Review of the HP Compaq s Subnotebook You will find out how well the laptop developed primarily for usage in companies of small and medium size satisfies the requirements of a business-device in the following review. But HP also has to offer quite a bit to business customers in the The emphasis when developing the notebook lay in trying to create a reliable, mobile companion for businessmen. Case As the HP Compaq s is unwrapped, it presents itself completely in black, apart from the silver HP logo on the display lid. There are also no surprises in terms of colors when opening the lid, just the usual stickers on the lower right side.
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How well does the s hold up against business-grade notebooks? Should you purchase one of these or consider a similarly-priced consumer notebook? The all-black color scheme continues into the interior of the notebook, with the palmrest, touchpad, keyboard, and trim all covered in matching black.
An interesting design change over a consumer notebook is the touch sensitive controls above the keyboard which normally activate media functions. Opening up the notebook you find the same thing around the main chassis, with weak plastic surrounding the keyboard.
The palmrest has plenty of flex on either side, with the side above the optical drive being the worse of the two. On the optical drive side you have flex on the palmrest as well as the bottom shell when gripping the notebook from the side. The only real advantage of the thin plastic material used is the total notebook weight is kept at a minimum. Black levels are average with some grey apparent in dark settings depending on the angle you are viewing the panel.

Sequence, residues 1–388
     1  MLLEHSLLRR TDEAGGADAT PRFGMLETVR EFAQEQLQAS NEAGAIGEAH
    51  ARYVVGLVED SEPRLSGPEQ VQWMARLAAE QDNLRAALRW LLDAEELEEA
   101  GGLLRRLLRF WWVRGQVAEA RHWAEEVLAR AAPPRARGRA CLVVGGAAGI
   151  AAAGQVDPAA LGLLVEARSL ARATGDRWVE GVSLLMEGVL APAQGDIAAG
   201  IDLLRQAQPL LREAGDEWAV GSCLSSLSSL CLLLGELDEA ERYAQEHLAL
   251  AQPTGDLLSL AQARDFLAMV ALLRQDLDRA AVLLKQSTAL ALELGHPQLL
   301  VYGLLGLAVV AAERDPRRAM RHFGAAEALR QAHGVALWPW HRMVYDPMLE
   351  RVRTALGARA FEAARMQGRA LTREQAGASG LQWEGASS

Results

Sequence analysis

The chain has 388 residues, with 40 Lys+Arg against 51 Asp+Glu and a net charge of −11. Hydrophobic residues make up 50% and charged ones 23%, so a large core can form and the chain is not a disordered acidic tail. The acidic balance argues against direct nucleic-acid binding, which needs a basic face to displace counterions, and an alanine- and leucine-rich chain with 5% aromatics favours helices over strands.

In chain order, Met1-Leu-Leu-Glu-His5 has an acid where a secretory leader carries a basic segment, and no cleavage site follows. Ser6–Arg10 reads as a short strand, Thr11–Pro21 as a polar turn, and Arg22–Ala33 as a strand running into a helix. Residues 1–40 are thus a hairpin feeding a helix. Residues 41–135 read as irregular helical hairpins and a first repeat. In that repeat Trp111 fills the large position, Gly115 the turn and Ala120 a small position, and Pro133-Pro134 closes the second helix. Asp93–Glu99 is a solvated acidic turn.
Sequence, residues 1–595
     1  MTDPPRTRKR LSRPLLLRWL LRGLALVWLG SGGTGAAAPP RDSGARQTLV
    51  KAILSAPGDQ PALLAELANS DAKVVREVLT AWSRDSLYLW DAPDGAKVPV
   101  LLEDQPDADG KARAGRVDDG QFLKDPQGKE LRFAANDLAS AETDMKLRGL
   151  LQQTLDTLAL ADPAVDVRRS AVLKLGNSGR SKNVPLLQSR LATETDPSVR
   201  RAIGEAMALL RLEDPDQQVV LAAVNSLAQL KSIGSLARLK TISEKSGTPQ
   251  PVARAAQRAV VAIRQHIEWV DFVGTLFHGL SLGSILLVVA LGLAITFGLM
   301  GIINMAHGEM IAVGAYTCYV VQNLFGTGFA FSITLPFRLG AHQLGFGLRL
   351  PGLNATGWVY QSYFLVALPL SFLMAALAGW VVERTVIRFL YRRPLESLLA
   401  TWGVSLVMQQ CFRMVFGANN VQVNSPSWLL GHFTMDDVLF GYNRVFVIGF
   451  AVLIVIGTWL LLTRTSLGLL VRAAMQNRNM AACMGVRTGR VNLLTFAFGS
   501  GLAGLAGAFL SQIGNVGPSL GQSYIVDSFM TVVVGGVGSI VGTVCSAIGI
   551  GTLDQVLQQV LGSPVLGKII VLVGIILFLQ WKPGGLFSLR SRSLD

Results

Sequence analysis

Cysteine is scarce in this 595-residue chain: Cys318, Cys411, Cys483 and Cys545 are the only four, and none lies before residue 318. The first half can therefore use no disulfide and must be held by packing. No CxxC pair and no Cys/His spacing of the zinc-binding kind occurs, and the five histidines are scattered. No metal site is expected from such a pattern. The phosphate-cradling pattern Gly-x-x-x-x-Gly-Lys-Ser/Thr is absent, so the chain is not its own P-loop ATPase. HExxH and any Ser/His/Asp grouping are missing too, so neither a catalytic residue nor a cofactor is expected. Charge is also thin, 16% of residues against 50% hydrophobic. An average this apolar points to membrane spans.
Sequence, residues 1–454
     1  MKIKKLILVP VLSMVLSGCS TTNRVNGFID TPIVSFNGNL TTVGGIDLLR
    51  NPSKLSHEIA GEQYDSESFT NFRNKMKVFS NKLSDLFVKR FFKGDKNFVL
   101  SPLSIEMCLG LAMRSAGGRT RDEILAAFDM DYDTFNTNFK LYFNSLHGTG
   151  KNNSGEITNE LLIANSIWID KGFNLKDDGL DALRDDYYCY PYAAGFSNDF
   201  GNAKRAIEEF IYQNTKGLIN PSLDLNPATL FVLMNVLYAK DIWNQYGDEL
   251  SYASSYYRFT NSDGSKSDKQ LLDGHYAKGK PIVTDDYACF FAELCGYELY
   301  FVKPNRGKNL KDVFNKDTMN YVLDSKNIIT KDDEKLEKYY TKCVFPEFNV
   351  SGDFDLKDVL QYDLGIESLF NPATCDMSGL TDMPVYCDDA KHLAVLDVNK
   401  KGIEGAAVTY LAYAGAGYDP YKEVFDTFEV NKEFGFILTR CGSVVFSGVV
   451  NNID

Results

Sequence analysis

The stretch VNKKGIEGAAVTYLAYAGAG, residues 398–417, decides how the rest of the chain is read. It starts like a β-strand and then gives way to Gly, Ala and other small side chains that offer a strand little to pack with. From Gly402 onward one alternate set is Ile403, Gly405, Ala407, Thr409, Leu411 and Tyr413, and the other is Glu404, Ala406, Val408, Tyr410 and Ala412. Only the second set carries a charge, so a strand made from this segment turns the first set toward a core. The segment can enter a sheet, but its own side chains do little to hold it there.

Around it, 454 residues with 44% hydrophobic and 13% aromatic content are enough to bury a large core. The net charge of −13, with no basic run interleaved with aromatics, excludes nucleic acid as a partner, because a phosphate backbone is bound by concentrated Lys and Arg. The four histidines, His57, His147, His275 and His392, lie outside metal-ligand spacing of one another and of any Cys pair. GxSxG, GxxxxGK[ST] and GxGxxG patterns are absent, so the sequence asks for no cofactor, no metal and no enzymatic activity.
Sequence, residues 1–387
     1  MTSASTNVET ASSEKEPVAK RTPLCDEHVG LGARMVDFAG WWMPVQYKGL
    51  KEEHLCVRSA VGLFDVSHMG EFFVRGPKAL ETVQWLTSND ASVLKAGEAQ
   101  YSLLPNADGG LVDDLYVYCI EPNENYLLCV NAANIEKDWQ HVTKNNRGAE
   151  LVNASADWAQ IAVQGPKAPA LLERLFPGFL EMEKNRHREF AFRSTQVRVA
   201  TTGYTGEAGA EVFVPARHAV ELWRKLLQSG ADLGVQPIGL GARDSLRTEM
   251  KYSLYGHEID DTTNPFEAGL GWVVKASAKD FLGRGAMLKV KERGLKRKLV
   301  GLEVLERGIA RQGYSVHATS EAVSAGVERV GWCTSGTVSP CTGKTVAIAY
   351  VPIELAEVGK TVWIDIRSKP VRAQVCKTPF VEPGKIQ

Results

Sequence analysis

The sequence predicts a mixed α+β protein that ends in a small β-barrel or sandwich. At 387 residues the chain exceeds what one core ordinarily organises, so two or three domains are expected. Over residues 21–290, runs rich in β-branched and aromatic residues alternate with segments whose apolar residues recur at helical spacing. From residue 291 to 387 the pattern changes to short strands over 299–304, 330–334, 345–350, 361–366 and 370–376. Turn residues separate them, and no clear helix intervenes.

Vertical viewing angles are adequate for regular day-to-day use, but colors invert when outside of the degree up or down sweet spot. Horizontal viewing angles are better, keeping colors true even to the very edge of being able to still see the screen from the side of the notebook. Brightness levels are above average, enough to comfortably view the screen in a bright office setting. Using the notebook outside would be limited with the glossy display because of reflections, but should be fine as long as you are under shade.
Keyboard and Touchpad The keyboard could be considered one of the redeeming factors of this notebook, offering a very comfortable typing surface with very solid support. Unlike the screen cover, palmrest, or case, the keyboard exhibits no flex at all … even under strong pressure.
Individual key action is smooth with a muted click when fully pressed. The touchpad is a Synaptics model, with a smooth matte texture surface that is seamless with the palmrest. The size is great without feeling cramped, offering plenty of space even with the scroll bar section. The touchpad buttons have a long throw offering soft feedback with no audible clicks. The notebook had excellent boot and shutdown times, and showed no signs of lag throughout day-to-day applications.
Graphics performance was limited with the Intel MHD integrated chipset, but the advantage of the integrated chipset is greater battery life. If you were looking to spice up your day at work with a game or two, older games such as Half-Life would run very well on the slower graphics found inside this notebook.
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